Cho J, Lee E, Lee S. Upper thoracic spine mobilization and mobility exercise versus upper cervical spine mobilization and stabilization exercise in individuals with forward head posture: A randomized clinical trial. BMC Musculoskel Dis. 2017;18:525.

Abstracted by: Elizabeth Sargent, PT, ScD, OCS, COMT, Burlington, VT – Fellowship Candidate, IAOM-US Fellowship Program & Jean-Michel Brismee, PT, ScD, IAOM-US Fellowship Program Director

Neck pain is one of the leading causes of disability globally.1 The increasing use of personal technology, such as smartphones and tablets, suggests that forward head posture (FHP) may play a role in the growing prevalence of neck pain around the world.1,2 The use of cervical and thoracic mobilization for treatment of neck pain has been well supported in the literature. The authors of this study directly compared the effects of cervical mobilization plus a neck retraction strengthening exercise to thoracic mobilization plus a thoracic mobility exercise in the management of neck pain with FHP.

Methods: Thirty-two subjects, age 20-29, with neck pain were randomized to either the cervical or thoracic management groups (n = 16 in each group). Subjects were excluded for evidence of cervical degenerative disease, neoplasm, history of whiplash or spinal surgery, or neurological symptoms. Investigators measured the craniovertebral angle (CVA)(Figure 1), cervical range of motion (CROM), numeric pain rating scale (NPRS), pain pressure threshold at the upper trap, Neck Disability Index (NDI) and global rating of change (GROC) of each subject. Subjects were blinded to purpose of the study and the evaluator was blinded to subject group assignment. Interventions were performed by a single physical therapist with 13 years of clinical experience and over 300 hours of manual therapy training.

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Figure 1. Craniovertebral angle (CVA)

FHP is defined as simultaneous upper cervical extension and lower cervical flexion. Consequently, the investigators in this study aimed to improve the CVA in the cervical management group by improving upper cervical flexion. For the cervical mobilization, the physical therapist applied a stabilizing hand on C1 and mobilized the subject’s occiput into suboccipital flexion. Although the authors described the cervical mobilization as C1 on C2, they described a 1-dimensional C0-C1 flexion mobilization that was performed bilaterally, three times for 30 seconds each (Figure 2). Then each subject was instructed to perform neck retraction in sitting, three sets of 10 repetitions, each with a 10 second hold (Figure 3).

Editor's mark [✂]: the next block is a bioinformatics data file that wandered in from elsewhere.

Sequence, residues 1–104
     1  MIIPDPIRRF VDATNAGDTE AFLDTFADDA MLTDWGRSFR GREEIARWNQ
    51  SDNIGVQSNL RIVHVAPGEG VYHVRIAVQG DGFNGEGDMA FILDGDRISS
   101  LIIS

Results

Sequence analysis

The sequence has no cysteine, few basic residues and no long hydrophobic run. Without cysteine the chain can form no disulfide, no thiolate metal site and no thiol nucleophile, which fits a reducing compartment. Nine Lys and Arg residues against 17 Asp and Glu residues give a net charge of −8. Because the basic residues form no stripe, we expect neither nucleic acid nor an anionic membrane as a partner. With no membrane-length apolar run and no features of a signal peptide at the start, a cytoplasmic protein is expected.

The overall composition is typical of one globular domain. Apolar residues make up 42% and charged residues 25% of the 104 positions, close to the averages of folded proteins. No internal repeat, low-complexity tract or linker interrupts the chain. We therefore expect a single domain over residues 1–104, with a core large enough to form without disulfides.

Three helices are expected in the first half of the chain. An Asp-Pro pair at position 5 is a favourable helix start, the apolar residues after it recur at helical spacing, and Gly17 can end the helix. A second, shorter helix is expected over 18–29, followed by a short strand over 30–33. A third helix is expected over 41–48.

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Figure 2. Upper cervical (C0-1, the authors of the study call this C1-C2) mobilization. The bottom hand is stabilizing C1. The top hand is performing a flexion mobilization of the occiput using a scooping motion.

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Figure 3. Neck retraction in sitting

Investigators have suggested that increasing thoracic spine mobility decreases chronic neck pain.3 Studies have shown increased cervical spine ROM and decreased neck pain in patients who received manual therapy on the upper thoracic spine.4,5 In this study, subjects received a prone dorsoventral mobilization of T1-T2 (Figure 4). Each subject then performed an active upper thoracic extension exercise (Figure 5). Subjects were instructed to perform an upper trunk lift while tucking the chin, thereby engaging the deep neck flexors in an anti-gravity position. The dosing for the mobilization and the exercise was the same as for the cervical management group. Treatment for both groups was performed once a week for four weeks. Follow up evaluation was conducted at six weeks following the initial visit.